3. Having the O/S and all your data files on one drive...or one partition...is about the biggest invitation to disaster that I can think of. It also impedes maintenance (chkdsk and defrag) of the system partition and will prove to be a major pain.

I suggest running the appropriate hard drive manufacturer's disk diagnostic on your current drive, since you've written it off (it seems). If it passes the diagnostic, I would just use diagnostic to wipe it clean, returning it to a useful state. I would then install XP on a small (20-40GB) partition, using the XP install CD. Once that was done, I would create a second partion of the remaining space available on that drive...and use it for temporary storage.

Hard Drive Installation and Diagnostic Tools - http://www.bleepingcomputer.com/forums/t/28744/hard-drive-installation-and-diagnostic-tools/

I'd use the gigantic drive for permanent storage of movies, system backups, music, etc...things which will help utilize all that space :thumbsup:.

Louis

#7 DocDerek

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Posted 14 October 2009 - 12:26 PM

Louis, great advice now that you essentially lead the horse to the water.!!
I see exactly what you mean, boot from cleaned-ex-bad drive, and keep
nice fresh 1 tb drive to store files in many partitions.
If a partition becomes corrupted via virus does it only affect that partition?
I am in a grey area about how partitions really function...my mind sees them
like slices of pie as an anology, but if one is corrupted..ie virus damaged,will it affect the rest?

#8 hamluis

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Posted 14 October 2009 - 01:45 PM

I think of a partition as I would think of the drawers on a Mosler safe. Each drawer can be accessed and will contain individual items/files, but a problem with one drawer doesn't necessarily impair one's ability to access the others.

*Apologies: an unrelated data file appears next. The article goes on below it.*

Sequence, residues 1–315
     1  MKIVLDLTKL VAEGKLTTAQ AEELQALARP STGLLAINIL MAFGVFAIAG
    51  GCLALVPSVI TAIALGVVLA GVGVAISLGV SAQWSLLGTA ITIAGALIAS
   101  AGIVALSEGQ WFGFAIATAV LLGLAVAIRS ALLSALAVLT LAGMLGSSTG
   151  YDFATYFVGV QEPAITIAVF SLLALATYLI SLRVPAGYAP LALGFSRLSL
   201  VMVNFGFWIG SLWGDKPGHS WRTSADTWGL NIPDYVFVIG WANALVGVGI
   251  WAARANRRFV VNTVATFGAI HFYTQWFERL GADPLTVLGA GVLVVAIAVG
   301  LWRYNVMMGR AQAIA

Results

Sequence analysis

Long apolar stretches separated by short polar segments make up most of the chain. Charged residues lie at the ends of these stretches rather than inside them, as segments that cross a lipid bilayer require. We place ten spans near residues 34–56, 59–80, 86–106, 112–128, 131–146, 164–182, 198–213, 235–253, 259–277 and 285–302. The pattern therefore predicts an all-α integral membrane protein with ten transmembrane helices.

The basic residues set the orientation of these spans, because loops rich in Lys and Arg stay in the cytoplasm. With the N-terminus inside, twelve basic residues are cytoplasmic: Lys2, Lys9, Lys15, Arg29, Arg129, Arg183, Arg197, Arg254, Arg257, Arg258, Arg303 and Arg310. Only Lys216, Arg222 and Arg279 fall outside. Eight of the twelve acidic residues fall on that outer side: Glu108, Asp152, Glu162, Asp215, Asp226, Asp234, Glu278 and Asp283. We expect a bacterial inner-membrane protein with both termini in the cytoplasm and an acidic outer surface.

Partitions can become damaged, just as a drive or any component can become damaged. When such happens, we are talking about damage to the file structures, not the physical hard drive. Normally, this is not catastrophic and can be repaired. But...it's not normal, in any sense of the expression, to have damaged partitions.

Files become corrupt/damaged. The file system (NTFS/FAT) underlying use of a computer/hard drive...can become corrupt or damaged. These things can be compensated for/overcome. Most of what I see advertised as software capable of repairing a partition...is really data recovery software.

But the advantage to partitioning that I see...is that...instead of having one big storage cabinet with all valuables inside it...a user can create multiple storage cabinets and somewhat diminish the prospect of catastrophic loss in the event of hard drive access problems.

Same approach for multiple hard drives. I like spreading the risk around, rather than placing it all on one drive/partition.

I know that many persons think one vault is good enough...but I think that 2 or more vaults is better.

User buys system, system has 1 hard drive...user thinks there can only be one hard drive in system. So user stores everything on the one drive which came with the system, not realizing or caring how perilous that may turn out to be.

Virus damage is routinely restricted to the system partition...and removeable media (floppies, flashdrives). The latter can be carriers/vectors for malware, but the system partition is generally where all the executeables are. If one wants to alter the system, that's the place to head for.

http://en.wikipedia.org/wiki/Malware

Interesting reading: http://www.darkreading.com/security/client...cleID=219501248

Louis